About this Research Topic
Currently, pediatricians are challenged by recognizing community-acquired sepsis out of the vast majority of febrile children presenting to emergency departments, and by the rapidly growing group of high-risk patients at risk of hospital-acquired sepsis due to resistant pathogens in an era when effective antibiotics represent an increasingly limited resource. In preterm neonates, the majority of cases are related to nosocomial infection, a potentially preventable condition, highlighting the importance of reinforcing implementation of existing prevention strategies, and developing novel preventive interventions. The lack of specificity of clinical and laboratory signs of infection, the rapid progression to adverse outcomes if untreated, combined with the lack of sensitivity of blood cultures and traditional sepsis markers, result in a high exposure to antibiotics. Considering the failure of most past neonatal and pediatric sepsis trials to result in better outcomes, currently promoted strategies focus on delivery of early bundled care to all patients. In view of the aim to reduce the burden of pediatric sepsis on individual child health, family-centered outcomes, and the society, evaluation of bundled care is needed, with an emphasis on antimicrobial stewardship. Ultimately, improved risk stratification and defining avenues towards personalized medicine in pediatric sepsis have the potential to result in more effective treatments.
The proposed Frontiers in Pediatrics Topic is open to submissions highlighting the challenges, obstacles, and opportunities in assessing sepsis burden, understanding sepsis, and improving sepsis outcomes in neonates and children. Current challenges and controversies around neonatal and pediatric sepsis to be considered for submissions include the assessment of the global and regional burden of sepsis in high, middle and low income countries; the need for definitions of sepsis applicable to all age groups and settings; the need for an improved understanding of the immunological basis underlying the high susceptibility to infection in early life; the development and implementation of existing and novel preventive interventions and strategies for early recognition, diagnosis and discrimination of sepsis from non-infectious conditions; and monitoring and management of sepsis, including fluid resuscitation, inotropes, and immunomodulatory agents.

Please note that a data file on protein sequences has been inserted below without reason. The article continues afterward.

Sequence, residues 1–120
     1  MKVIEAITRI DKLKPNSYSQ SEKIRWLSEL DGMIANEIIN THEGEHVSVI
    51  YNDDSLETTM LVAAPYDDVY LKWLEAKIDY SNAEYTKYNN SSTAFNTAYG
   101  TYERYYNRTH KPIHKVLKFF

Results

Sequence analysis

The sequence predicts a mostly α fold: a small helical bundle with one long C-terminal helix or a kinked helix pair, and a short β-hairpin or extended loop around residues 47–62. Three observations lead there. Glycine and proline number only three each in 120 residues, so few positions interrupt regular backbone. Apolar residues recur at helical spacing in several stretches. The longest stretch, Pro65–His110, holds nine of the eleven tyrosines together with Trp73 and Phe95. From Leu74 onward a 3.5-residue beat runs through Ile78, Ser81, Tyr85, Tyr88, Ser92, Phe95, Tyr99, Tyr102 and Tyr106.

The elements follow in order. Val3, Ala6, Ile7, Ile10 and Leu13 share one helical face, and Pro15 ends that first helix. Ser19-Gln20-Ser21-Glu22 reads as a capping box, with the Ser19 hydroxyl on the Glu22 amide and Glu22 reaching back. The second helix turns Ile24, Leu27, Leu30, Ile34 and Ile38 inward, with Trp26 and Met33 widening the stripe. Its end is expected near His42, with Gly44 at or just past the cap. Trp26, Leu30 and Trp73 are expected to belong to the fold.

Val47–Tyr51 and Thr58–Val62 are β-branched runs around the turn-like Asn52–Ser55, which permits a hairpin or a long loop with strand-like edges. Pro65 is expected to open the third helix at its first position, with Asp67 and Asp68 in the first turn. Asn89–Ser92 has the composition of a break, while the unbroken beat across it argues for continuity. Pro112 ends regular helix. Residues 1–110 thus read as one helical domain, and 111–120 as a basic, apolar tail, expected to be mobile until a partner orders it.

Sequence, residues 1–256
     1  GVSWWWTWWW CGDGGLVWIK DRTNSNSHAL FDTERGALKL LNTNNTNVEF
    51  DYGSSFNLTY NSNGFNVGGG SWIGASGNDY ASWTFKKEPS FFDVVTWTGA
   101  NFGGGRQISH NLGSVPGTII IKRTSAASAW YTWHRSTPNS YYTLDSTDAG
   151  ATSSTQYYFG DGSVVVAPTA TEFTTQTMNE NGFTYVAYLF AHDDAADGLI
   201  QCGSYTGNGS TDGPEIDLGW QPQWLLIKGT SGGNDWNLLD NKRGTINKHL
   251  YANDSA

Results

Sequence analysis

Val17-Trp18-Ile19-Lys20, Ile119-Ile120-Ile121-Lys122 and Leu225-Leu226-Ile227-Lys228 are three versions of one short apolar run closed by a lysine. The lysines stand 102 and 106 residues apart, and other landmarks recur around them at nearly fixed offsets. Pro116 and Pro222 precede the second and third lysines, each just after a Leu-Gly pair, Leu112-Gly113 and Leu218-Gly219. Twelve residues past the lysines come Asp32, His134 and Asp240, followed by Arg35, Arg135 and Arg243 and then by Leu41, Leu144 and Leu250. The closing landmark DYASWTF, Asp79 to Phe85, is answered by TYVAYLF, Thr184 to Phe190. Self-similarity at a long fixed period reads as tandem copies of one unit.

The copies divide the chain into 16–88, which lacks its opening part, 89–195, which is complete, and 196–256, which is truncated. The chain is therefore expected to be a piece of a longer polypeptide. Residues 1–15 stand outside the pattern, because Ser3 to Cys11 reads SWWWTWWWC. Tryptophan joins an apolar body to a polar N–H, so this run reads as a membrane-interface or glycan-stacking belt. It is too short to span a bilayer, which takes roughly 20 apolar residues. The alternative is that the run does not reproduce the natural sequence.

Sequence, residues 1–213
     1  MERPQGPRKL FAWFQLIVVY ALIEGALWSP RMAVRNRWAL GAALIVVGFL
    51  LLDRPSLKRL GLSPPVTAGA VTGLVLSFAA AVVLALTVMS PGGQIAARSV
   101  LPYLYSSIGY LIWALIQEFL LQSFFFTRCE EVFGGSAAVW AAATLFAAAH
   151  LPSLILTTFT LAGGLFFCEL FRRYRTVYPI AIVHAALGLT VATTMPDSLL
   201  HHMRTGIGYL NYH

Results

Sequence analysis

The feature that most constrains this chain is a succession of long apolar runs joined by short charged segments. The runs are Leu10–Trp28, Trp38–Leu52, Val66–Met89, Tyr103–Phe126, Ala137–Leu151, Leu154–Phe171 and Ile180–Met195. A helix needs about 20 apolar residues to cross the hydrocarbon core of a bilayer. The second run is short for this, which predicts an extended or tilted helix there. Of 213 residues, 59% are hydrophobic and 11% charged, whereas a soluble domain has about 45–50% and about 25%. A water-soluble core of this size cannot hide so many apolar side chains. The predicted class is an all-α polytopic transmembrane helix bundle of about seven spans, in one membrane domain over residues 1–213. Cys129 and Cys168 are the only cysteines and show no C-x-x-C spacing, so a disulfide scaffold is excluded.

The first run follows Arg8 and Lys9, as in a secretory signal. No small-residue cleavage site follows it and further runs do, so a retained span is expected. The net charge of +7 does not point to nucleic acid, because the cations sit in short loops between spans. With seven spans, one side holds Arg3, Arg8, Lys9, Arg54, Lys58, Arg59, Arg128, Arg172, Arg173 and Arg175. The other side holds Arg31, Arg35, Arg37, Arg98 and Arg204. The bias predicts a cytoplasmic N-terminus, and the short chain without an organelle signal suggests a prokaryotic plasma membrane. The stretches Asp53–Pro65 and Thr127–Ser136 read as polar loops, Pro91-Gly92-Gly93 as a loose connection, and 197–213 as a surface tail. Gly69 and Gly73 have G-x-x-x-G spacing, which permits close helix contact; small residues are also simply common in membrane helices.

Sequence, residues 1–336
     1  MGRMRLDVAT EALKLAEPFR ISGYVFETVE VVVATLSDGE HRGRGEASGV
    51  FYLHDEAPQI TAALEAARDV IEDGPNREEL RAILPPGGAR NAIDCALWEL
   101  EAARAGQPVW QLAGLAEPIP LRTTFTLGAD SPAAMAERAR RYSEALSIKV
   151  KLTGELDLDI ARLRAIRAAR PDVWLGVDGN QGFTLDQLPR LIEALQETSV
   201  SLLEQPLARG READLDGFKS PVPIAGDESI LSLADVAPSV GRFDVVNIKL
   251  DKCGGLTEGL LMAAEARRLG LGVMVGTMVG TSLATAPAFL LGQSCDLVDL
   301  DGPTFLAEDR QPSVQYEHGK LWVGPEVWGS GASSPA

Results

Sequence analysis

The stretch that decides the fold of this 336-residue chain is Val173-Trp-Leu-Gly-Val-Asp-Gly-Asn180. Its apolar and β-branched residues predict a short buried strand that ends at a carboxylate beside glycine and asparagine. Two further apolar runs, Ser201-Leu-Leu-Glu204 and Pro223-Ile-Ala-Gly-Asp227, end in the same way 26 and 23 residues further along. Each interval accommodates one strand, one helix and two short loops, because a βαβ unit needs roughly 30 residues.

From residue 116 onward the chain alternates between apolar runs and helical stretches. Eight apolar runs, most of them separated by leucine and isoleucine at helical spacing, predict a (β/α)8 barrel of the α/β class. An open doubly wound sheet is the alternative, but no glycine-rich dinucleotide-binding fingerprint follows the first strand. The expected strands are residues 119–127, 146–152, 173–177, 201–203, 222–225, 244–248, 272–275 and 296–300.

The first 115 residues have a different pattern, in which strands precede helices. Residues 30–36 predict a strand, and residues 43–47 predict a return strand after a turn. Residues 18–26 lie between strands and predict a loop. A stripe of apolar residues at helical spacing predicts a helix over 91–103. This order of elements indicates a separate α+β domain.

Keywords: Neonate, child, immune dysregulation, sepsis, mortality
Important Note: All contributions to this Research Topic must be within the scope of the section and journal to which they are submitted, as defined in their mission statements. Frontiers reserves the right to guide an out-of-scope manuscript to a more suitable section or journal at any stage of peer review.